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Partisanship and the new economics of the media : a lunch presentation with David Westin, former president of ABC News / Rock Center for Corporate Governance, Stanford University.

Availability

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    1. PN4888 .P6 P37 2011 in-library use only

Other libraries

Language:
English.
Publication date:
2011
Imprint:
[Stanford, California] : Stanford Law School, [2011]
Format:
  • Video
  • 1 videodisc (62 min.) : sound, color ; 4 3/4 in.
Note:
Held April 29, 2011 at Stanford Law School. Sponsored by the Rock Center for Corporate Governance
Participant:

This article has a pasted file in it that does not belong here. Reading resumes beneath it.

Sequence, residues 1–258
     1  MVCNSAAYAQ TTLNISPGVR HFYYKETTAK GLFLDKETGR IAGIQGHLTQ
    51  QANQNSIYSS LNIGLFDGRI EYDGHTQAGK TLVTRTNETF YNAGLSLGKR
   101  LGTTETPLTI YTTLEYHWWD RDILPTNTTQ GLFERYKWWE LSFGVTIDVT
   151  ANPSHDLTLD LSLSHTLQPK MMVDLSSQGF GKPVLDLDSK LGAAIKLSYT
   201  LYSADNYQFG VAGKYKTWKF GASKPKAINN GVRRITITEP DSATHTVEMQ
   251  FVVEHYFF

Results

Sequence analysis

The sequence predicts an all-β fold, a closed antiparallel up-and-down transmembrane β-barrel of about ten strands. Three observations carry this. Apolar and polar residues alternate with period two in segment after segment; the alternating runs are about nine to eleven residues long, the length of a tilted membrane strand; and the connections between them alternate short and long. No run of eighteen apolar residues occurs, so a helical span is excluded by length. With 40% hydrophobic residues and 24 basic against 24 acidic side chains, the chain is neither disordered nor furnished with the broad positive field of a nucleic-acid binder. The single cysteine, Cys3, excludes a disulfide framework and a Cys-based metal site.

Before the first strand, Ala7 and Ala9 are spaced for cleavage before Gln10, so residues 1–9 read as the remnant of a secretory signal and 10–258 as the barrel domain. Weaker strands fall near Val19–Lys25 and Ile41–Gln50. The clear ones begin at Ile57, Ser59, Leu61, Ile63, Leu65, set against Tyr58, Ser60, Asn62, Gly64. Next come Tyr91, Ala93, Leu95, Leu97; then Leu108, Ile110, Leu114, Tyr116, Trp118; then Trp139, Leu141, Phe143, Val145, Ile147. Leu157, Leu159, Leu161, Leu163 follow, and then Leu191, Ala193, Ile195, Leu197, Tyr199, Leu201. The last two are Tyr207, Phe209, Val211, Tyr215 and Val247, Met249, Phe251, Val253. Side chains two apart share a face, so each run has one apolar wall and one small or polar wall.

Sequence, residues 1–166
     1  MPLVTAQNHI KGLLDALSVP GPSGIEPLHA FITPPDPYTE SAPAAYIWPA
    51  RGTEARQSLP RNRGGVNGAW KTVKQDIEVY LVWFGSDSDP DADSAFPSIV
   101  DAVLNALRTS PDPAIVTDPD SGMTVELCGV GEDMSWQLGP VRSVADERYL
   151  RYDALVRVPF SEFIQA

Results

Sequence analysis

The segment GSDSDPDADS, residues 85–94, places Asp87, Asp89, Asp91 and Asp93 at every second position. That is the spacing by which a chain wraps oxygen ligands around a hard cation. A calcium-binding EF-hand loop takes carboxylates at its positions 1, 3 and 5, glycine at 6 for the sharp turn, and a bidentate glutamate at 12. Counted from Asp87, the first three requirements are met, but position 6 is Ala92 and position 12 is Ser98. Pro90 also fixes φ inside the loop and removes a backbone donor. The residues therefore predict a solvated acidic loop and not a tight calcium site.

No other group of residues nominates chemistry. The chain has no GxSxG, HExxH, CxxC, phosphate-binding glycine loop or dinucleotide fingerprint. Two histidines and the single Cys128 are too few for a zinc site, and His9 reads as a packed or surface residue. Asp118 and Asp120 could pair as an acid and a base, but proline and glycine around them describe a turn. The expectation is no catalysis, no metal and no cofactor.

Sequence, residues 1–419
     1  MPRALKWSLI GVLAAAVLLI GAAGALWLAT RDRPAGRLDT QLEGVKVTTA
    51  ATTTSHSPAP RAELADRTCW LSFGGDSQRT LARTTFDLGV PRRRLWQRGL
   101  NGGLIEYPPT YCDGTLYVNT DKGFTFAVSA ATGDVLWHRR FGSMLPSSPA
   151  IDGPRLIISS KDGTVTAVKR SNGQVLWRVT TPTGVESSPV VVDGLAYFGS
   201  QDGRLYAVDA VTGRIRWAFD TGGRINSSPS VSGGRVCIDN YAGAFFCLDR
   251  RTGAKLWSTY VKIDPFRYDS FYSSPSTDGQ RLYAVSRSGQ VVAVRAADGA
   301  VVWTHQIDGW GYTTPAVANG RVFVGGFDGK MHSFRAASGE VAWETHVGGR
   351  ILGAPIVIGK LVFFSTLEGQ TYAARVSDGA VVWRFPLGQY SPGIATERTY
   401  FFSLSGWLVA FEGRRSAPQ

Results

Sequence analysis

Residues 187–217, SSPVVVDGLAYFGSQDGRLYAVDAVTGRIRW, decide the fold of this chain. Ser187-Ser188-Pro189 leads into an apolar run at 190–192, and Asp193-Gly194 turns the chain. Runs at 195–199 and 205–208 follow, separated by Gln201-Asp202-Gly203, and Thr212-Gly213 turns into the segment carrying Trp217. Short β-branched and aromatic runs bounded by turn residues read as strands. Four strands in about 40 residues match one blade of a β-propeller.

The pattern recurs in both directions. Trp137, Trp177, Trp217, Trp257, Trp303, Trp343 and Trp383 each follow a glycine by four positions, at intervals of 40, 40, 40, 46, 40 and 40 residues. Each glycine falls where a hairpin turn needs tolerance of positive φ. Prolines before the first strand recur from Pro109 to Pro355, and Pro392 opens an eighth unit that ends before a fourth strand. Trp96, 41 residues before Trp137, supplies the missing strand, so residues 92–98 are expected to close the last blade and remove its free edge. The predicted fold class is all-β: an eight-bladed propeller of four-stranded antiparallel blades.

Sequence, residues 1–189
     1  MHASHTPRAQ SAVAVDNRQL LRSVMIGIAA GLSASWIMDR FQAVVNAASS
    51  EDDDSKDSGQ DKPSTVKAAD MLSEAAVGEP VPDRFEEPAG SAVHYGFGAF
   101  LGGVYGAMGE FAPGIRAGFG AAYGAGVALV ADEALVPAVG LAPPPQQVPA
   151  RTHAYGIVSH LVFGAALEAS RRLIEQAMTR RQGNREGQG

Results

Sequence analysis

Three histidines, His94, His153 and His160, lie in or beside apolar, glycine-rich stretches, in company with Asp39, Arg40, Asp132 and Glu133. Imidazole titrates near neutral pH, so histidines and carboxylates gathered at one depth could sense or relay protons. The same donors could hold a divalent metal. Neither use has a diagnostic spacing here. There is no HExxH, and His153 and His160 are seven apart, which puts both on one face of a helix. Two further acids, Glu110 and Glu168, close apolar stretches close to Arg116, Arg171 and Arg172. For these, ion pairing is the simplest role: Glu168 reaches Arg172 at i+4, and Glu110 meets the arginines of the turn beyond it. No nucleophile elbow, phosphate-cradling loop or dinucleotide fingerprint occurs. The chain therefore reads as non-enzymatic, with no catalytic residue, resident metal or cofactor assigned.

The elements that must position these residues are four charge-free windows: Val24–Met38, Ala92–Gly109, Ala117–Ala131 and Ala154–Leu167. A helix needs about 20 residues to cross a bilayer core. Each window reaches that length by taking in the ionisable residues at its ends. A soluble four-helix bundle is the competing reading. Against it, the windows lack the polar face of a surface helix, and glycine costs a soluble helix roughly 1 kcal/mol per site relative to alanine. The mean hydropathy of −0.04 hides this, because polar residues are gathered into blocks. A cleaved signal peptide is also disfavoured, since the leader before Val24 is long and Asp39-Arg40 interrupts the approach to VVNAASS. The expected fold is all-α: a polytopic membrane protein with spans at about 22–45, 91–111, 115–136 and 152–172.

Speaker: David Westin.
Summary:
David Westin describes the evolution of television 24 hour news channels, such as Fox, that have become wildly popular. He discusses the powerful financial incentives that the very structure of the cable news business provides for political extremes. Incentives on the Internet may be similar. If the medium is the message, then the medium today may be directing the message in ways that can have profound implications for public discourse and the political process. If these trends continue, then the over-representation of hyper-partisan views in the media may be pre-ordained, not because of ideology, but because of economics. Put together with structural incentives for politicians to appeal to the extremes, the effect may well be to skew decision-making in ways that don't accurately reflect where the people overall want to go.
Format:
DVD video.
Contributor:
Westin, David, speaker.
Rock Center for Corporate Governance sponsor.
Stanford University. School of Law.
Subjects:

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